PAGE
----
Preseason Game 12
Canadiens 3, Maple Leafs 0
Wednesday, September 28, 1977
Maple Leaf Gardens, Toronto, ON
The Montréal Canadiens, looking like the Habs who asconded with the Stanley Cup last season, won their first game in five exhibition starts last night, blanking the Toronto Maple Leafs 3-0.
The Canadiens, using almost the same lineup they used in the playoffs, outchecked and outskated the Leafs, who looked genuinely impressed with the Habs’ flair.
“They looked experienced, they were using their best players and using the right men in the right situations,” said Leafs coach Roger Neilson after his loss behind the Toronto bench.
Toronto has scored exhibition wins over Detroit and Buffalo. The Leafs play Washington tonight in London.
“They were using Doug Jarvis and Bob Gainey to check on penalties and putting out the checking line in the last minute. It’s as though they were playing a league game,” he said, as though it weren’t quite within the rules of fair play.
If it were a crime to put his best team on the ice for exhibition games, Montréal coach Scotty Bowman would plead guilty.
“Sure it was our strongest lineup this season,” Bowman admitted. “We hadn’t won yet, we had two losses and two ties because we were experimenting with players. I wanted to give our boys some work tonight and have a good look at them.”
Because of the Canadiens’ speed, the Leafs didn’t always have Bowman’s opportunity to have a good look.
“What an experience to have guys with wheels like that coming in on you,” said rookie defenceman Trevor Johansen.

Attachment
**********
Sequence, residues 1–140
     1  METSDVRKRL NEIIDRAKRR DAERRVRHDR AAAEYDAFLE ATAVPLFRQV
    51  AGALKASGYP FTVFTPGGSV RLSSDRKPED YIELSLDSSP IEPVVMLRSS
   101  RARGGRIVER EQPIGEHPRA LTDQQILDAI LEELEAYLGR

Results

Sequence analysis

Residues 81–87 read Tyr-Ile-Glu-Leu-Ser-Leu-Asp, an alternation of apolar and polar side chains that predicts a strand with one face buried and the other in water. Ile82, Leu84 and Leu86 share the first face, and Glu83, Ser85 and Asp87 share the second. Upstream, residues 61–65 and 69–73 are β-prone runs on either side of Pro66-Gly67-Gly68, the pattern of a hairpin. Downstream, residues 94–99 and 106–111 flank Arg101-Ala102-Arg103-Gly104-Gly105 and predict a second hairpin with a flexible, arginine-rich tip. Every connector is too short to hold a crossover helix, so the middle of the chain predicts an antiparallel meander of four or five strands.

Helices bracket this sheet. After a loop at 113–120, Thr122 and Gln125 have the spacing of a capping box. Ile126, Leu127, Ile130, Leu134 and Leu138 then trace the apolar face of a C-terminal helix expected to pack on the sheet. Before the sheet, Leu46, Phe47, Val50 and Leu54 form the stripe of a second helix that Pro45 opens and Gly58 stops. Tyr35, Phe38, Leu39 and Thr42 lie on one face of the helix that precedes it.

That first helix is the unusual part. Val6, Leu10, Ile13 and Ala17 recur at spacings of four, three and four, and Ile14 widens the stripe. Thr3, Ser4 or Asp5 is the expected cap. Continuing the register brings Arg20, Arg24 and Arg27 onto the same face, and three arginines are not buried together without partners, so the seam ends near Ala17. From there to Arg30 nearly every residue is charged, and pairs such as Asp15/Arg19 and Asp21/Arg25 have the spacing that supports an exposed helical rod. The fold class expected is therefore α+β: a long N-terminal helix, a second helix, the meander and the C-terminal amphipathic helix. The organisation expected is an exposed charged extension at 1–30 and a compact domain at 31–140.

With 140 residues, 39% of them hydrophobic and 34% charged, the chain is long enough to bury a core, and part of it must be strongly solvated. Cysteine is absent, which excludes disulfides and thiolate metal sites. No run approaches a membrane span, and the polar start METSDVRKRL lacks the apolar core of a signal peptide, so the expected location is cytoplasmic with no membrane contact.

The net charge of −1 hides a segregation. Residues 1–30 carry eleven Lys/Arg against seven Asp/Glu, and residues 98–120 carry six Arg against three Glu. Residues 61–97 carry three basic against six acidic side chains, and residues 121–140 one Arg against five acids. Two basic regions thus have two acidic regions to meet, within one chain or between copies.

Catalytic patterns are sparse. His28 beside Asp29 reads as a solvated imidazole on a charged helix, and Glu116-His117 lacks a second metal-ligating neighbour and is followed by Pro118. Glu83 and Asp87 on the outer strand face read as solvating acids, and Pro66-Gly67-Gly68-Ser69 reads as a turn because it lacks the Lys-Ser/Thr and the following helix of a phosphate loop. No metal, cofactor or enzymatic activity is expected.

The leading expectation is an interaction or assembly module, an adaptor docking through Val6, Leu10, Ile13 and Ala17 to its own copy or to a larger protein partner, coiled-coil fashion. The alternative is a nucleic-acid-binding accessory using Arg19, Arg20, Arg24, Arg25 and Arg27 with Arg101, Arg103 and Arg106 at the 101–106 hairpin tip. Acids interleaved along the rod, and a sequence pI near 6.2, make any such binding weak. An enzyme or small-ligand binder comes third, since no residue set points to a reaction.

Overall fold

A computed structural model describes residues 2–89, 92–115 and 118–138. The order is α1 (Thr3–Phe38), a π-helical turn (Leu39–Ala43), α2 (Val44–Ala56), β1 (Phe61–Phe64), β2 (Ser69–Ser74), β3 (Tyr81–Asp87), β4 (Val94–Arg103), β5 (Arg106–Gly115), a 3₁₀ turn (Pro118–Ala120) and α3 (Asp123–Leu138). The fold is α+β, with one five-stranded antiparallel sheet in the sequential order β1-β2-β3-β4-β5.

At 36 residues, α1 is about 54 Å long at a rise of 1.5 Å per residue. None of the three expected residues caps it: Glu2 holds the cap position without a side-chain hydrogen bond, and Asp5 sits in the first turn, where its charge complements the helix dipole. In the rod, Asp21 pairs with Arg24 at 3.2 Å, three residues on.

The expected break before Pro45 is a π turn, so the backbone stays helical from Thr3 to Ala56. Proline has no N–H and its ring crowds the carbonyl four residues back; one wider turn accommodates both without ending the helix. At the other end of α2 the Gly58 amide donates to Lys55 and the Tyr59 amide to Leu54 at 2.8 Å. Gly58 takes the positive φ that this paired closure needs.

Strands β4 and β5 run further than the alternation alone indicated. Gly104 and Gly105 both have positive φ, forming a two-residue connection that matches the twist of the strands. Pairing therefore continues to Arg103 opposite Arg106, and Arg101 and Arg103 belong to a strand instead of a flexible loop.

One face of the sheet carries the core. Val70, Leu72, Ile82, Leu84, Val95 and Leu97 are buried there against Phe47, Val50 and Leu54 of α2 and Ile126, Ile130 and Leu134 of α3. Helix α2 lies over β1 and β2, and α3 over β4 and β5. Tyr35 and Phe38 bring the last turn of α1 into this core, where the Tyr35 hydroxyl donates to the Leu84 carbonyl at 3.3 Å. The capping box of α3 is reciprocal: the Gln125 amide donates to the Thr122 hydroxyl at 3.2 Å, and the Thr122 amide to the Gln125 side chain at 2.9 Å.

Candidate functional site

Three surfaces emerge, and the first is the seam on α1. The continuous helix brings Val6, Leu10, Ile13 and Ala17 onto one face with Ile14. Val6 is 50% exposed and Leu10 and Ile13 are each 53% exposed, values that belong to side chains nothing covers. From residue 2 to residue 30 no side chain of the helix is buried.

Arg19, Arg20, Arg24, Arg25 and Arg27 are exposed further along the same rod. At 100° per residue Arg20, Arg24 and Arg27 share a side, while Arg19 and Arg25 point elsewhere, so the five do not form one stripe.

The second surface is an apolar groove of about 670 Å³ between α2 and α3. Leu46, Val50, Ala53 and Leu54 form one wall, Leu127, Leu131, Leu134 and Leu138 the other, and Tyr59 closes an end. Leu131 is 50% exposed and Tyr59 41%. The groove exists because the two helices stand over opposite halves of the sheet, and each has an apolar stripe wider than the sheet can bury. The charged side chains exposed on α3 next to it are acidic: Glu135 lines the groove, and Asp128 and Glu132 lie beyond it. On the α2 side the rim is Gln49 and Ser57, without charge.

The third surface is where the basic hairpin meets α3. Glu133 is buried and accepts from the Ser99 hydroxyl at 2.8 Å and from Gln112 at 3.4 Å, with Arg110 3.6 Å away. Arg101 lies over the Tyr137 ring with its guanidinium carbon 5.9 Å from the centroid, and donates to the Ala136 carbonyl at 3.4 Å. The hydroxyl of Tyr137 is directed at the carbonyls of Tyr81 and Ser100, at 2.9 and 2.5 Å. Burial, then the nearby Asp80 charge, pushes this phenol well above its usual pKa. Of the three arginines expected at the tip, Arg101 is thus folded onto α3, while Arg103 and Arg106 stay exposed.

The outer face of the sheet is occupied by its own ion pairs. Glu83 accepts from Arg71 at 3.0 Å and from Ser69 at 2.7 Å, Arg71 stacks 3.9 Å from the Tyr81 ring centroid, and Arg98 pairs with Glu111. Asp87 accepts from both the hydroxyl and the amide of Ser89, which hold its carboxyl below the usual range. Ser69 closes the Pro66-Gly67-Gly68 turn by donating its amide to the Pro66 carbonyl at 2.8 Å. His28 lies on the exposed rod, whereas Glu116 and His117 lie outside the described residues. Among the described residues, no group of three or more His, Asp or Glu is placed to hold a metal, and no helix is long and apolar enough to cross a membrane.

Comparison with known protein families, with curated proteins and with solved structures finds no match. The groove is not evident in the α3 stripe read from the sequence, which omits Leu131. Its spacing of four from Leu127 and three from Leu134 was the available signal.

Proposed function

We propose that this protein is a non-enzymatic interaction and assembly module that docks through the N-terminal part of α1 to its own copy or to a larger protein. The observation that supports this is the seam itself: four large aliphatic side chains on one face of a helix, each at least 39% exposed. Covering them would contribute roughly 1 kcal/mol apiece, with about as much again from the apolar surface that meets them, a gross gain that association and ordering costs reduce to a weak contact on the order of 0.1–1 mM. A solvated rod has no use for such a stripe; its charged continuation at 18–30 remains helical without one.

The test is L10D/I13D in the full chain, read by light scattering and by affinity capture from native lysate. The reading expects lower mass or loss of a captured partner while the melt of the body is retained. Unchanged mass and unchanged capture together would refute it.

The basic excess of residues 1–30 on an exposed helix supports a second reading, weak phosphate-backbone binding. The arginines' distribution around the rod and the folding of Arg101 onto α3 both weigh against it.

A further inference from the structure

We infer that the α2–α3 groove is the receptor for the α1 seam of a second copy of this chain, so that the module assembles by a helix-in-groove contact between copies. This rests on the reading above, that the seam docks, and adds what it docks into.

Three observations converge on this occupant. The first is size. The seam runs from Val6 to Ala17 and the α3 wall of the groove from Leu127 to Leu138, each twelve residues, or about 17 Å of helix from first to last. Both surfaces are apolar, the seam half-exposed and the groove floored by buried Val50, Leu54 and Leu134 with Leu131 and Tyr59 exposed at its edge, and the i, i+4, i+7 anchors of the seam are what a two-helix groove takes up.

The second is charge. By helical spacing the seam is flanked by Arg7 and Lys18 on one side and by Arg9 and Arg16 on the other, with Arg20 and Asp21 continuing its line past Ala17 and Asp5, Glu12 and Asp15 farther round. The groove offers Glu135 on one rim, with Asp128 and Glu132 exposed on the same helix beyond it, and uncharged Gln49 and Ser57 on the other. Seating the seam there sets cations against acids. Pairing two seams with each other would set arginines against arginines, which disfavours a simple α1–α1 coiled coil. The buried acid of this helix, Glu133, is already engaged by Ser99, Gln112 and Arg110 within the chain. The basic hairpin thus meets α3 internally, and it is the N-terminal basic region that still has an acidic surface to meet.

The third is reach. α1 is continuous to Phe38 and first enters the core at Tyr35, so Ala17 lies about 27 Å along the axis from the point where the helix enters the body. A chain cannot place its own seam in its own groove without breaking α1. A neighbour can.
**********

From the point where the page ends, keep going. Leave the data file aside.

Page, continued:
“I played against Gilbert Perreault of Buffalo the other night,” said Keven Campbell, another blueline rookie. “Compared to these guys, Perreault was standing still.”
The Canadiens took a 1-0 advantage in the first period when Jarvis raced in on Campbell and startled Toronto goalie Wayne Thomas with his quick release.
The Canadiens extended that lead to 3-0 in the second period on a power play goal by Steve Shutt and a pretty pass play that ended with a goal by Lemaire and cheers of admiration from the sellout crowd of 16,485 at Maple Leaf Gardens.
The Canadiens were always quick on their rebounds and Shutt’s goal was the result of a second effort. Lemaire’s goal was the finale of a slick tic-tac-toe exchange from Guy Lafleur, to Shutt, to Lemaire.
The only time the crowd let out a louder yell came when it was announced that the Blue Jays had beaten the Boston Red Sox.
The Canadiens outshot Toronto 33-26, with Vézina Trophy winner Ken Dryden handling his few tense moments coolly. The Leafs generated offence only in spurts.
Thomas worked diligently in the Toronto net and was beaten not so much by mistakes as by the Canadiens’ prowess around the net.
On defence, Montréal rookie Gilles Lupien acquitted himself well, though he has a slender chance of breaking into the formidable Montréal lineup. He made a diving sprawl early in the game to thwart a Dave Williams breakaway.
“That made a big difference,” said Canadiens captain Yvan Cournoyer. “He may have turned the game around there.”
Last night’s game was Cournoyer’s first since his back injury in March and he displayed as much speed as ever.
Larry Robinson, the Norris Trophy winner as the league’s best defenceman, was a standout with his hitting and passing. For Toronto, good defensive games were turned in by Brian Glennie, Campbell and Johansen.
Story originally published in The Globe & Mail, September 29, 1977